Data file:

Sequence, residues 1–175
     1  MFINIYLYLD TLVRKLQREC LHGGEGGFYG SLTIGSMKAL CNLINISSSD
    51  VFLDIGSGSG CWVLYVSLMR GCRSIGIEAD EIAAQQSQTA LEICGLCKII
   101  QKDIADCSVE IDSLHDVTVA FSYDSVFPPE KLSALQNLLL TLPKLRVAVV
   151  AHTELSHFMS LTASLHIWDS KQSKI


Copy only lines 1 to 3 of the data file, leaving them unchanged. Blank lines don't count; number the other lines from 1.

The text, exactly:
Sequence, residues 1–175
     1  MFINIYLYLD TLVRKLQREC LHGGEGGFYG SLTIGSMKAL CNLINISSSD
    51  VFLDIGSGSG CWVLYVSLMR GCRSIGIEAD EIAAQQSQTA LEICGLCKII